Growing up in Stepney, Anwar Uddin was always keenly aware of how different he was to other young up-and-coming footballers, a fact which didn’t change after he broke into playing professionally.
Uddin, the first UK pro footballer of Bangladeshi origin, says: “I’ve never come across another Asian player. I grew up looking up to Gary Lineker. If Gary Lineker was Bangladeshi, I’d be like: ‘Wow, there’s someone that looks like me and has a name that’s not English that’s playing football. I want to do that.’”
After a career of playing for teams including West Ham, Barnet and Dagenham, and Redbridge, Uddin is now committed to bringing football to his community in Tower Hamlets – a borough where one third of the population are Bangladeshi.
Uddin is all too aware of how cultural differences can make integrating into football in East London a daunting task for many local Bangladeshis:
“There’s a culture clash. There’s women, alcohol and gambling. These are synonymous with football culture. If you go into an environment like that and you’re a young Muslim boy, your religion isolates you,” he says.
“If you’re a young Asian kid and you want to make it in the game, in a changing room with 25 men who think you’re weird because you don’t drink, you’re not in an environment where you can get the best out of yourself.”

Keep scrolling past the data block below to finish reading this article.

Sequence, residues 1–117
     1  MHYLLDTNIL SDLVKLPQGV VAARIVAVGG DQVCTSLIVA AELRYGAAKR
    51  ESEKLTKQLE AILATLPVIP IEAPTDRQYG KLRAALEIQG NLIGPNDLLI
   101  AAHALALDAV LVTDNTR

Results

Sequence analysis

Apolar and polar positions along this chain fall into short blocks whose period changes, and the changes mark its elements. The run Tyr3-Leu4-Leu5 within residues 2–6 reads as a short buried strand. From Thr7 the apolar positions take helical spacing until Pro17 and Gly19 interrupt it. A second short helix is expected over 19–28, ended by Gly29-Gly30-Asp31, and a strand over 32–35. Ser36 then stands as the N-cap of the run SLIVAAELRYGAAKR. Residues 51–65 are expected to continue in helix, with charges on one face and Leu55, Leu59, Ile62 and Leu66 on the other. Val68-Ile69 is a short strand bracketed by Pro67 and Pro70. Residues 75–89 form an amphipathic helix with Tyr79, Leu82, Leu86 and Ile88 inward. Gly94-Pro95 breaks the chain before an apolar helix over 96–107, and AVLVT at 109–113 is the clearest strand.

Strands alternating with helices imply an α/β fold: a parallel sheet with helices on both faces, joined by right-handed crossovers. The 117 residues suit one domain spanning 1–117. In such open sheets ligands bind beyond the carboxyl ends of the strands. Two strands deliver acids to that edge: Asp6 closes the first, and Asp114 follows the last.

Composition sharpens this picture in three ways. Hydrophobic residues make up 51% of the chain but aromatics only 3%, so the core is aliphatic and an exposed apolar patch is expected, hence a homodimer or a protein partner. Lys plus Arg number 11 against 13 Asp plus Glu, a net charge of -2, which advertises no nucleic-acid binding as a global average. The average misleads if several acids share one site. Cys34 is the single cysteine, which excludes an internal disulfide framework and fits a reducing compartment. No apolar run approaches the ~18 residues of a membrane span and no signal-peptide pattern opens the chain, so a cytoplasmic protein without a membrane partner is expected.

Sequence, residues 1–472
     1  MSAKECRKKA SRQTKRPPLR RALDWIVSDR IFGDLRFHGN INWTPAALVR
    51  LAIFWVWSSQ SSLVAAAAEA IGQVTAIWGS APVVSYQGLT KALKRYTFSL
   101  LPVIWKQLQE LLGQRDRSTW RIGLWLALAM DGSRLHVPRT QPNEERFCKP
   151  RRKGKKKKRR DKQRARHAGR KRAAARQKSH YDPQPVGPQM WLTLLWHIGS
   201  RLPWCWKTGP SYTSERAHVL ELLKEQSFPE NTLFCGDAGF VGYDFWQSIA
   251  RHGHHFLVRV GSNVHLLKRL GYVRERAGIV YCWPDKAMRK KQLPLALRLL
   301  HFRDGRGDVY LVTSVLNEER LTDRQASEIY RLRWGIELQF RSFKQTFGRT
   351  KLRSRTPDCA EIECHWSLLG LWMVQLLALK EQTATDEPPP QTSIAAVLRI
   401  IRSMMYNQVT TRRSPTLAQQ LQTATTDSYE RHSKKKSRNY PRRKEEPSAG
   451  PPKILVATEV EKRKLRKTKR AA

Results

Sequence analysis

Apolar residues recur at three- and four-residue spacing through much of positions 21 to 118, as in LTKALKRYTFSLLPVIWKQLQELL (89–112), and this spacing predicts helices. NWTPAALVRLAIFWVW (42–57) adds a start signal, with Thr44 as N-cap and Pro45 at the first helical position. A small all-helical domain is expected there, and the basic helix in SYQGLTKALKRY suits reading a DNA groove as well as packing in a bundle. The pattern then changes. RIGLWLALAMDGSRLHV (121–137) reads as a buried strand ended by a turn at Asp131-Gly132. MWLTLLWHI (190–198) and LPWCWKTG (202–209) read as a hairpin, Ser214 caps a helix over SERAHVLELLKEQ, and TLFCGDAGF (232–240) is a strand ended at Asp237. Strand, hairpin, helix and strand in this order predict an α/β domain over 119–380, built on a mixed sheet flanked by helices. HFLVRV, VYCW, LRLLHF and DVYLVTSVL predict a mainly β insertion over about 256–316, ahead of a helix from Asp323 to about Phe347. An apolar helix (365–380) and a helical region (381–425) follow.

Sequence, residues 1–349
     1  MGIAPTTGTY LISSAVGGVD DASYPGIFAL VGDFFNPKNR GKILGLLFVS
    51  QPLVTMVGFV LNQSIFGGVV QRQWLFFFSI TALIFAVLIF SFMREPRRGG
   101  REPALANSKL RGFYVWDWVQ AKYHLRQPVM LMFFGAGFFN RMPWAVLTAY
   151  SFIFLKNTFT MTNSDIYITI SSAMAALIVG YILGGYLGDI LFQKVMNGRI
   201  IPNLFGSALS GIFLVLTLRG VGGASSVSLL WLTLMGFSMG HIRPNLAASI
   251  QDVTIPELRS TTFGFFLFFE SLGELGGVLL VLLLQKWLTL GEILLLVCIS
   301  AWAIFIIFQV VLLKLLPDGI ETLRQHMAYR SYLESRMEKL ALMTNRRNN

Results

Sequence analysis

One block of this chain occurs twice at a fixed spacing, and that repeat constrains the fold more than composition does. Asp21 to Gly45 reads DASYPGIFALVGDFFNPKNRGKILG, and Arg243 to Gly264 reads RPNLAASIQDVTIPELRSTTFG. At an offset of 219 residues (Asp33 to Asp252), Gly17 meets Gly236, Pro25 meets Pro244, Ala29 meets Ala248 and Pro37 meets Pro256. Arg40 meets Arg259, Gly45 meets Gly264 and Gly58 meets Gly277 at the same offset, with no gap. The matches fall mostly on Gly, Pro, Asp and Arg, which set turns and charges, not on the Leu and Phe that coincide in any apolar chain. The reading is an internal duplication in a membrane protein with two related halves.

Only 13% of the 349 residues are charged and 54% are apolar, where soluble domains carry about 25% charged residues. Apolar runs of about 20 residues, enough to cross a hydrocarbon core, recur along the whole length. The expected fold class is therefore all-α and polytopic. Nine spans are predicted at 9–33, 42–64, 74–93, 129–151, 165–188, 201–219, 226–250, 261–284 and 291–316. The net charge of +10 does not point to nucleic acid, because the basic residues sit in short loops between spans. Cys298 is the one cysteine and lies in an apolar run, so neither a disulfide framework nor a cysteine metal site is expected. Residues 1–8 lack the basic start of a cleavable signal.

Uddin’s experiences of how difficult it can be for aspiring Asian footballers have led to him to take over as first team manager of Sporting Bengal, a semi-professional team in his home neighbourhood of Mile End, which aims to promote the representation of Bangladeshi people in football.
“For the last five years we’ve finished rock bottom. This season we’re a mid-table team. We’re four points away from our best ever points tally in our history, we’ve had a great FA Vase run, and we’ve done the double over Tower Hamlets, our local rivals. It’s been a great season but I think we could have done even better. It’s all down to the professionalism,” says Uddin.